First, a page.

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Also In Global Health News: Maternal, Child Health In Rwanda, Pakistan, India; Mongolia Weather; H1N1

Rwanda Targets Communities In Effort To Curb Maternal Mortality To reduce maternal mortality in Rwanda and reach U.N. Millennium Development Goal targets, the government will conduct maternal death audits in villages to help identify ways to improve outcomes, Rwanda’s Minister of Health Richard Sezibera announced recently, the New Times/ reports.…

Some U.S. Troops Stay In Haiti; Aid Officials Prepare For Rainy Season

Kenneth Merten, the U.S. ambassador to Haiti, said on Thursday that American troops would stay in the country to aid in its recovery, Agence France-Presse reports. “There are about 6,500 soldiers in Haiti at the moment. There were some 20,000 for the emergency effort launched in the wake of January 12,” Merten said. “What is planned for the moment is more and more staff from USAID on the ground and fewer and fewer troops. Gradually, they’ll leave. In my opinion, we will need some American troops to stay here for the foreseeable future” (2/25).

Recent Releases In Global Health

Lancet Infectious Diseases Comments Examine Use Of Quinine To Treat Malaria A Lancet Infectious Diseases comment presents an argument for the continued use of quinine monotherapy to treat malaria in Africa. Benefits of the therapy include its known efficacy, known long-term safety, low cost and availability compared to artemisinin-based combination…

Also In Global Health News: Rwandan Nurses; AIDS 2010; Uzbek AIDS Advocate; Child Mortality In Mozambique; Meningitis Belt

Rwandan Nurses To Give ART To Expedite Delivery Rwanda’s Ministry of Health will soon give nurses the authority to give antiretroviral therapy (ART) to HIV-positive patients, IRIN reports. Aimable Mbituyumuremyi, of the Centre for Treatment and Research on AIDS, Malaria, Tuberculosis and Other Epidemics, said, “Task-shifting will reduce the number…

Global Cancer Rates Could Be Reduced By 40% With Prevention Strategies, Report Says

“Forty percent of the 12 million people diagnosed with cancer worldwide each year could avert the killer disease by protecting themselves against infections and changing their lifestyles, experts said on Tuesday,” Reuters reports. Ahead of World Cancer Day on Thursday, officials at the International Union Against Cancer (UICC) released a report that demonstrates how scaling up immunization programs against the infections that cause some cancers and educating the public on prevention strategies could help drive down cancer rates (Kelland, 2/2).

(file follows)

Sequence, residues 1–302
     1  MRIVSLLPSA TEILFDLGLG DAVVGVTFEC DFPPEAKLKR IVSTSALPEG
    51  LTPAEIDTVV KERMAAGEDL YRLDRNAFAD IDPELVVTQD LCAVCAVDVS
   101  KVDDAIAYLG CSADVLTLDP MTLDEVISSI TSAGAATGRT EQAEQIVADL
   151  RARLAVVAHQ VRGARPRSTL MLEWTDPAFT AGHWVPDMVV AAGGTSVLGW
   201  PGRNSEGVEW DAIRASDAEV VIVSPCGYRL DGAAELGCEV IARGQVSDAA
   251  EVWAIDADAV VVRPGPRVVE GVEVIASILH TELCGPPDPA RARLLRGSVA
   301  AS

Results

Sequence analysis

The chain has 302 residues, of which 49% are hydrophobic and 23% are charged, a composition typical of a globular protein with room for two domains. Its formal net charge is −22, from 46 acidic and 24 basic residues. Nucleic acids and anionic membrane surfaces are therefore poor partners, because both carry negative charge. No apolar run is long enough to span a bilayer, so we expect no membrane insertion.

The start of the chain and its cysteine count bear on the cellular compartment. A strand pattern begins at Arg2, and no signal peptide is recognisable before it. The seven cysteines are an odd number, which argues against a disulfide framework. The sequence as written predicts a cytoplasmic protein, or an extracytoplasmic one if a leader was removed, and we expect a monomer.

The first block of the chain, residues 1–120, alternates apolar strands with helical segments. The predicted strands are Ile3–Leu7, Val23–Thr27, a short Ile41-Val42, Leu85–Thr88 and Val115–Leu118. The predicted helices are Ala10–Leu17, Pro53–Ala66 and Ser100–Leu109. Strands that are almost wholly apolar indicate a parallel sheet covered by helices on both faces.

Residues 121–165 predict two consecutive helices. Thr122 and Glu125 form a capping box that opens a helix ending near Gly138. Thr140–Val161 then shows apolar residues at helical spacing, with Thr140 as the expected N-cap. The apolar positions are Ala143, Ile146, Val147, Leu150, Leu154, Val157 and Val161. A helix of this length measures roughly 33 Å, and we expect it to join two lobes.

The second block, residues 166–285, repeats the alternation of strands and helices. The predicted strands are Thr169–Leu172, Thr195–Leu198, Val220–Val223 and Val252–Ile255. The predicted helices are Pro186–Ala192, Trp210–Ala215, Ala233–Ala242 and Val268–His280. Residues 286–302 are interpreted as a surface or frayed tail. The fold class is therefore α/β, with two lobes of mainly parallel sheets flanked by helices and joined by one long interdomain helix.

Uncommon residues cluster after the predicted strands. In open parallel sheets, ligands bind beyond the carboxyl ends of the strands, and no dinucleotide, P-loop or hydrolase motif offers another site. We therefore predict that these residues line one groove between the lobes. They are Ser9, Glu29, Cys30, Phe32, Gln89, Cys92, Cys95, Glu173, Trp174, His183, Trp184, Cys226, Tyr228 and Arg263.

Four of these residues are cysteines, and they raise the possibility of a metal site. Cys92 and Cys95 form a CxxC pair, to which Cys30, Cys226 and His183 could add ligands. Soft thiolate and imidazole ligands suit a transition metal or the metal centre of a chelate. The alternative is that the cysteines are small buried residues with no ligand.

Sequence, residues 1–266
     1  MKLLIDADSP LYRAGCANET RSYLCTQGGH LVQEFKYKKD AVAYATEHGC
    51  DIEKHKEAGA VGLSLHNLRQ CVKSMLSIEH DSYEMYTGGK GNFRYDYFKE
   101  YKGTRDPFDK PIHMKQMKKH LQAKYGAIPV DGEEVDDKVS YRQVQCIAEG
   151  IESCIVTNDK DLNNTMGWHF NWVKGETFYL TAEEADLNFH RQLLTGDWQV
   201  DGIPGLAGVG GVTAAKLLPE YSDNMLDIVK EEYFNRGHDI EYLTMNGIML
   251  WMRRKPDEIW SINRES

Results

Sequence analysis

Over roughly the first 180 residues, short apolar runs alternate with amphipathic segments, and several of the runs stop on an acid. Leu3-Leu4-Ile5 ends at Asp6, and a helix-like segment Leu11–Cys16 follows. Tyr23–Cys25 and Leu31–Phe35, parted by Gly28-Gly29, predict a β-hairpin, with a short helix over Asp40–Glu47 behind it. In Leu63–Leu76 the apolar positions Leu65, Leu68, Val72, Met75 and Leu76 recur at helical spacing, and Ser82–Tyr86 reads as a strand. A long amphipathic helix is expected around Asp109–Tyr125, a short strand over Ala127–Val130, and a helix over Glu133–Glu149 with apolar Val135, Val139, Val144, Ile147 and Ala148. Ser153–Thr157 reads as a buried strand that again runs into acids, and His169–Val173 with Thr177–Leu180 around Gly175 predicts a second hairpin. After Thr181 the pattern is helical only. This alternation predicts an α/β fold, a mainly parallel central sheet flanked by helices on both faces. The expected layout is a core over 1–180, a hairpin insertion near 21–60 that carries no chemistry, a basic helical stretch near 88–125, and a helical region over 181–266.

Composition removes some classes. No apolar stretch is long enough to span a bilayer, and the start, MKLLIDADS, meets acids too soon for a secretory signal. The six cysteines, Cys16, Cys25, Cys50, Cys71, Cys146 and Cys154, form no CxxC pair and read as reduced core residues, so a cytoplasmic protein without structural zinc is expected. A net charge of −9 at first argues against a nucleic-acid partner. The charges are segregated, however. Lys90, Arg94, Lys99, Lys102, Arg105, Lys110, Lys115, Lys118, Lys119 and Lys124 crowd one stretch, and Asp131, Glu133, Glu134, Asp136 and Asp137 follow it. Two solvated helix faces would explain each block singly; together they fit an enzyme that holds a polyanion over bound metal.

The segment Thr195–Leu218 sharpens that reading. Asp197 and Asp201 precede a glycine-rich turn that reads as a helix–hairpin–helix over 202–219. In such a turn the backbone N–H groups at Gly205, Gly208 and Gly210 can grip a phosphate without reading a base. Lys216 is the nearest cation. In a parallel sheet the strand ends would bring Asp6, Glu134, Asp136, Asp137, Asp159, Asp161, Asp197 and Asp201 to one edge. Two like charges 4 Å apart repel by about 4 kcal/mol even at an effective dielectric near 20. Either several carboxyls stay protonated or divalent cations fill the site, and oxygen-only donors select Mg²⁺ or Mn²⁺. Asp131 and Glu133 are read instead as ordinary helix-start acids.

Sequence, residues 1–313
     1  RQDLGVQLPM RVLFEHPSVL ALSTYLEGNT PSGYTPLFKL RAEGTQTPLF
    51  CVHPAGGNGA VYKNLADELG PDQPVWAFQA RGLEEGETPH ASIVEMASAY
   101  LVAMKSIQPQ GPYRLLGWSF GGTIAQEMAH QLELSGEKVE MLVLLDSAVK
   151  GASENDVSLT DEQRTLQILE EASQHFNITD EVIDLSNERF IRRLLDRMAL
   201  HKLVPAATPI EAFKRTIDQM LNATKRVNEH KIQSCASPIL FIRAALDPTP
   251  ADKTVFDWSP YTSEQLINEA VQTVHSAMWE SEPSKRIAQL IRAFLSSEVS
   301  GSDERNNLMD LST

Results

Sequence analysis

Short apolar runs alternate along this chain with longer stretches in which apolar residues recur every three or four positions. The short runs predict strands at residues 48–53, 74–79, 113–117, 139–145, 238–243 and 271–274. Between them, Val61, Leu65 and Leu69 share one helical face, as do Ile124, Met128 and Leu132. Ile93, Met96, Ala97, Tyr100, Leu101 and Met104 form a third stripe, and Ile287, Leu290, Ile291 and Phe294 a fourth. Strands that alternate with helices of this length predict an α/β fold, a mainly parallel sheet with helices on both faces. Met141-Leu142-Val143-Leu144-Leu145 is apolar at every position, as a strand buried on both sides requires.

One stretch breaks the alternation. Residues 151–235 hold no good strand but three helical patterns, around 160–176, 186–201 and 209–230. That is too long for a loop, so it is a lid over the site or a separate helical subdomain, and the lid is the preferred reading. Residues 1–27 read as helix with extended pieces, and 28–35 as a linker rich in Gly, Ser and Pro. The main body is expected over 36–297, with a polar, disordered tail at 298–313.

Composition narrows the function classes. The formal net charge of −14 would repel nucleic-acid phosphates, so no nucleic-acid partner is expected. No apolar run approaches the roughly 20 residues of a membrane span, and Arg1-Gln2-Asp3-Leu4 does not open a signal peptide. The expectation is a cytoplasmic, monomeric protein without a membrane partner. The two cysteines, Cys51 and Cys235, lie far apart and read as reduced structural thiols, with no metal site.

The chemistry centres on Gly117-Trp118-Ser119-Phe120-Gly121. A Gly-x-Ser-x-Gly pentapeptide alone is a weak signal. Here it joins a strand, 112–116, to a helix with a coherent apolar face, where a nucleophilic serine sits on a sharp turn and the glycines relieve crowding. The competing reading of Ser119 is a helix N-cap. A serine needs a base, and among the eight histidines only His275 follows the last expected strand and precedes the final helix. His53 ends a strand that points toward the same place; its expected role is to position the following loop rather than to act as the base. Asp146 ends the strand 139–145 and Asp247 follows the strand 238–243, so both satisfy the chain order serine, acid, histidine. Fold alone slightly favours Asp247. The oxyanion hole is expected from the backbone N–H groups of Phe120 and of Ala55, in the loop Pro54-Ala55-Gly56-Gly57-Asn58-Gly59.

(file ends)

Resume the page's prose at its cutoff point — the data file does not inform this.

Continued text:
WHO Urges Medical Aid Agencies To Remain In Haiti As Health Care System Is Rebuilt

On Wednesday, the WHO “urged medical aid agencies to stay in Haiti as long as possible while health care is rebuilt following last month’s devastating earthquake,” Agence France-Presse reports. Henriette Chamouillet, the WHO’s representative in Haiti, said the agency would like its largest partners to continue aid for “at least six months” and that it would take several months for hospitals with the least amount of damage to open. She said, “It’s absolutely necessary because we have to replace the hospitals which won’t work” (2/17).

Obama Administration Nominates Former Clinton Adviser To Lead UNICEF

The Obama administration has nominated former Clinton administration adviser Anthony Lake to lead UNICEF, Bloomberg/BusinessWeek reports. He would succeed Ann Veneman, who will step down at the end of her five-year term on April 30 (Varner, 2/18).

Also In Global Health News: HIV Prevention Strategies For Couples; Humanitarian Operations In Somalia; Gender Rights; Health Clinic In Uganda

Studies Show Long-Term Couples Overlooked By HIV Prevention Strategies The Washington Post examines research presented at the 17th Conference on Retroviruses and Opportunistic Infections that indicates HIV prevention strategies in sub-Saharan Africa are overlooking the risk of transmission between couples in long-term relationships, fueling the spread of the disease. “Only as HIV…

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